Note: You are welcome to write more research questions in the comments.
- For older browsers it was possible using style attribute, however it doesn’t work on new browsers.
- If the injected vector (value attribute) comes before the input type attribute then its possible to inject a type=text attribute which will turn the input tag into text instead of hidden. However the first type attribute is the one which decides the tag type so if the injector vector comes after the type attribute then this trick will not work and we are stuck again.
- This post: http://blog.innerht.ml/cascading-style-scripting/ shows how to do xss in hidden input tags using css. The technique it uses on modern browsers only works on internet explorer and it uses UA-Compatible to turn into old IE compatability mode (EmulateIE7) which allows to execute stuff as though the browser is IE7. However this requires to injection the compatability mode tag into the page and if you are stuck inside a tag then its not possible. He presents a way to overcome this problem: he says that if you have a page which appears in microsoft cv list in compatability mode IE7 and you open an iframe in that page then the content in iframe automatically gets the IE7 compatability mode. The lists of such pages are whitelisted here: https://msdn.microsoft.com/en-us/library/gg622935(v=vs.85).aspx , for example the list for IE11: https://iecvlist.microsoft.com/IE11/1387494476607/iecompatviewlist.xml so you need to find a vulnerability in one of the whitelisted pages and inject there an iframe that opens the page you want to exploit the xss at. This is hard and unlikely way to exploit the xss. It does allow the whitelisted pages to exploit the xss though.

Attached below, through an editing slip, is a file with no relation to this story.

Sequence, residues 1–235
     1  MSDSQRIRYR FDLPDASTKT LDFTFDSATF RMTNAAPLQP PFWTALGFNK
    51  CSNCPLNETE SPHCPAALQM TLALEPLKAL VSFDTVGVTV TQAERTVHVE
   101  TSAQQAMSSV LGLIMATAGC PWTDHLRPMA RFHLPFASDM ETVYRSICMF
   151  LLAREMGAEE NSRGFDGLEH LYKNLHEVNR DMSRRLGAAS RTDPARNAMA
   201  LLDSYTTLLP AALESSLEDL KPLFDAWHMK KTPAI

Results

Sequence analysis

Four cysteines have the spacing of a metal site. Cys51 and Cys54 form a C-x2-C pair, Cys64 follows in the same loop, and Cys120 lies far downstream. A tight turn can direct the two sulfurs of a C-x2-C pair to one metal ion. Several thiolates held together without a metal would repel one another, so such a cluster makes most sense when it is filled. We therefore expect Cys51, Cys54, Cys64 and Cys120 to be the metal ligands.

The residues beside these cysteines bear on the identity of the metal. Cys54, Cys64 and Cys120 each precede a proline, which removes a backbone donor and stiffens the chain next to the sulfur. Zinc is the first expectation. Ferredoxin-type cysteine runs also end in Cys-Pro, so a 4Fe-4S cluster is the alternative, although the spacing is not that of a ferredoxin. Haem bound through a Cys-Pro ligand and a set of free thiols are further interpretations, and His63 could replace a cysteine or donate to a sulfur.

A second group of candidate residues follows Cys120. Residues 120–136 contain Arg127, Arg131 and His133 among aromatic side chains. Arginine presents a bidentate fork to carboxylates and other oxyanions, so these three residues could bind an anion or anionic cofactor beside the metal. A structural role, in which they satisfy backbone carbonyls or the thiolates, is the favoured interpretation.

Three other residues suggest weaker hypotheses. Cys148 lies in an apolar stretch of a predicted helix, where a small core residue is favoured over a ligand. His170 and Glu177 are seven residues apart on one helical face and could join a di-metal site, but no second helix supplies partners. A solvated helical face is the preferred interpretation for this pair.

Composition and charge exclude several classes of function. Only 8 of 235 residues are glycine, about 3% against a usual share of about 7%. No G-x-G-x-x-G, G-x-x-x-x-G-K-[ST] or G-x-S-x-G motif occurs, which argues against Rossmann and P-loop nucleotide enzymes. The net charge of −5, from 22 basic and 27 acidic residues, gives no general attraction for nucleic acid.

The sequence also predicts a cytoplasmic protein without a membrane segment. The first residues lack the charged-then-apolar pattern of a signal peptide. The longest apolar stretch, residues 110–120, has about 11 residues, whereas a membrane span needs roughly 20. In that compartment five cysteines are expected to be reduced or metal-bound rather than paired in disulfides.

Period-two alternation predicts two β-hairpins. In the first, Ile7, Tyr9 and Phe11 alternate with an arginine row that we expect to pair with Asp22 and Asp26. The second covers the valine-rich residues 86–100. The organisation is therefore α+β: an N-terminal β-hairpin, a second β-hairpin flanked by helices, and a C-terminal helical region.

- It’s possible on firefox to execute script in input hidden when user presses a combination of keys, by using accesskey attribute and onclick. The accesskey attribute helps trigger onclick when the combination is pressed: http://blog.portswigger.net/2015/11/xss-in-hidden-input-fields.html
- In windows before the introduction of zero session isolation in windows vista, there used to be a shatter attack which was based on the idea of sending windows messages from a low priveleged process to a high priveleged window. https://en.wikipedia.org/wiki/Shatter_attack
- Html5 introduced a new api of sending messages to other windows and frame even across domain. The api is postMessage: https://developer.mozilla.org/en-US/docs/Web/API/Window/postMessage
- See discussion of the possible csrf vulnerability of implementations using postMessage: https://secinfodb.wordpress.com/2016/06/11/postmessage-sophisticated-csrf/
- So the open question is: can there be a way to utilize the postMessage mechanism like the windows messages mechanism, in order to produce some kind of attack? Since the other window\iframe is on the same browser, overloading its client side resources will not produce the desired result in contrast to the shatter attack. However maybe still there might be some innovative idea utilizing postMessage for an attack?